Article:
Today I’ve been visiting Griot Village in Cleveland, a 40 unit development that was specially built to house grandparents age 55 and over with legal custody of their grandchildren. The project was developed in partnership by Fairfax Renaissance Development Corporation (FRDC) and Cuyahoga Metropolitan Housing Authority (CMHA) at a cost of $12m.
There are over 7000 grandparents in Cleveland looking after grandchildren and 55% of these live in the Fairfax district. FRDC became aware of the problem and obtained funding to carry out further research. They found that grandparents struggled with looking after much younger grandchildren physically and financially. In addition, they were excluded from many housing options, such as senior housing, because they were looking after young children.
Over a period of 6 years FRDC applied for funding (a mixture of Tax Credits, grant funding and private finance) to build the development in partnership with CMHA which opened around 5 years ago.
I was lucky enough today to speak with a variety of residents, both old and young, as well as different staff members who are involved in running the development. The key theme that came through, as with every intergenerational housing project I’ve visited so far, was that of being one big family and a united community. ‘We all just help each other and look out for each other’ one resident told me. I asked if this type of intergenerational setting made a difference and the resounding answer was yes. It helps both the grandparents and grandkids to have others in a similar situation to them, so they have people around them who understand what they are going through. Of course it also helps their financial situation as residents only pay 30% of their income in rent with the rest being made up in housing vouchers. Having safe, good quality accommodation, near schools and shops is also a big help.
I met Jaziah – an amazing 16 year old who, despite a traumatic background, is studying at college and wants to be an FBI agent. He’s already completed FBI summer school! He also dances, acts, plays music and gets good grades. His grandmother told me how he wouldn’t have done so well without the after school programs that are run at the village and due to all the support he gets from staff who have put on courses and special activities.
The amount of support from staff is amazing! I spoke with Angela the case manager for the Village and a trained social worker. She does all the intake assessments and meets families yearly (at least) to gather info on what their needs are. She then develops 1-2-1 or group activities based on what they need or would like including grief counselling, art therapy, jewellery making and cooking classes. She told me she works 20 hours a week but is only contracted for 6 because she loves it so much. She feels working in an intergenerational setting benefits her personally as she gets great satisfaction from helping both age groups – ‘it’s great because I can do stuff with the grandparents in the morning and with the kids in the afternoon, as well as getting them althogether so I have the best of both worlds’.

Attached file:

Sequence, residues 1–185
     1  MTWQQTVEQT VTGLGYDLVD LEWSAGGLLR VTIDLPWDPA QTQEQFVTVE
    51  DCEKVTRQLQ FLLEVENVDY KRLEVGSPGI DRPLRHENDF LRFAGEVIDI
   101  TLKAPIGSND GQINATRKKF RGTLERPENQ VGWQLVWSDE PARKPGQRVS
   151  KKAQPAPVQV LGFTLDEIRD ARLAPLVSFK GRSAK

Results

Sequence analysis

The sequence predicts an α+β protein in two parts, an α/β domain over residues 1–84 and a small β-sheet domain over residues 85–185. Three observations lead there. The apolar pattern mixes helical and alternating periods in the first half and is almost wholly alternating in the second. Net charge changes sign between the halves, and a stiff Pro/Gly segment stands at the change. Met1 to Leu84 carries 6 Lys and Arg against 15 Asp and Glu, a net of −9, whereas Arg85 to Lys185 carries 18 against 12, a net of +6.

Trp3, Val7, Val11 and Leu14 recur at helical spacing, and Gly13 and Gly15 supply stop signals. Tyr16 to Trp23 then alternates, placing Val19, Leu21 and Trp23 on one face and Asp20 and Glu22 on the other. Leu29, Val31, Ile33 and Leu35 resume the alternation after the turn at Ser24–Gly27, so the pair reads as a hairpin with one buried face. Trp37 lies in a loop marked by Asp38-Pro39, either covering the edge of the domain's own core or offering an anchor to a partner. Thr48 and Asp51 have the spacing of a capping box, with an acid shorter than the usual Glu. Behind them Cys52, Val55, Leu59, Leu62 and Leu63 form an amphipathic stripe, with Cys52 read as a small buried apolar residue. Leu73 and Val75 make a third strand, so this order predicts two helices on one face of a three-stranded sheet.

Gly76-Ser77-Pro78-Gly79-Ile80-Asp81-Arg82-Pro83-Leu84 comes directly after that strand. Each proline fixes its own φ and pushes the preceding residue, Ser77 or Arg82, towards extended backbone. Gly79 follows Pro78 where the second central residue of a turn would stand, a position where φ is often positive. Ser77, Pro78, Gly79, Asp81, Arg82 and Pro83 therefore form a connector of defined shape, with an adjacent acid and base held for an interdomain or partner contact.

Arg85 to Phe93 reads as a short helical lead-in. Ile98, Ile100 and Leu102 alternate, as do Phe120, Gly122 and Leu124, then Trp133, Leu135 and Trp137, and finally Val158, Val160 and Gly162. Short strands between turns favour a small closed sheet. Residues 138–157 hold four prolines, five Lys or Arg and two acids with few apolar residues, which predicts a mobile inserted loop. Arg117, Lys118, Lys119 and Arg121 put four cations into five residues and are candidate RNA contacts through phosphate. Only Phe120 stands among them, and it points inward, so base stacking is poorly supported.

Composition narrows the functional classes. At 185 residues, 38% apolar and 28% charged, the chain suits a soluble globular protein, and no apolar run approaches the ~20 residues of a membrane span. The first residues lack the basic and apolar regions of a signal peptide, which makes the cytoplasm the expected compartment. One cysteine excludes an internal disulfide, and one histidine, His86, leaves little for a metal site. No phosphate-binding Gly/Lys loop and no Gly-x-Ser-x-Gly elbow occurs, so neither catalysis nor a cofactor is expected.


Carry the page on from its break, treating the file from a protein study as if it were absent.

The Village was planned with input from residents of both ages and that perhaps accounts for why it works so well – Denise VanLeer from FRDC told me how they consulted a lot with potential residents before the project started to get an idea of what grandparents and kids wanted. They also future proofed the Village so there are some units that are all on one level so families can transfer as grandparents’ mobility declines. Also, across the street is a senior independent living facility so grandparents can transition over the road if they wish so they don’t need to leave their community.
A playground has been added recently for the children in partnership with Kaboom! They help raise funds for, and build, play areas for children. One resident told me ‘ it was great. There were over 300 people here an it was built in a day. We all got together to help clear the ground and we all cooked for the volunteers – even all the kids joined in too.’ Again, what was nice was that he playground was planned and designed in proper consultation with residents (although one girl was upset they didn’t add a swimming pool!)
It’s been a lovely day today and has further cemented my thinking so far on how to successfully do intergenerational housing….
1. Ensure you have a purpose and are clear on the type of community you want to build and why.
2. Ensure you have the right staff in place – in terms of qualifications, willingness and personality – without this it will not work.
3. You have the right residents – this type of living is not suited to everyone so you need to ensure residents want to be part of one big community who will look out for and help each other.
4. Planning – your future residents must be involved in the planning and design. Plus you need to think about the future and how you will transition on seniors or children as they get older.
Now off to bed!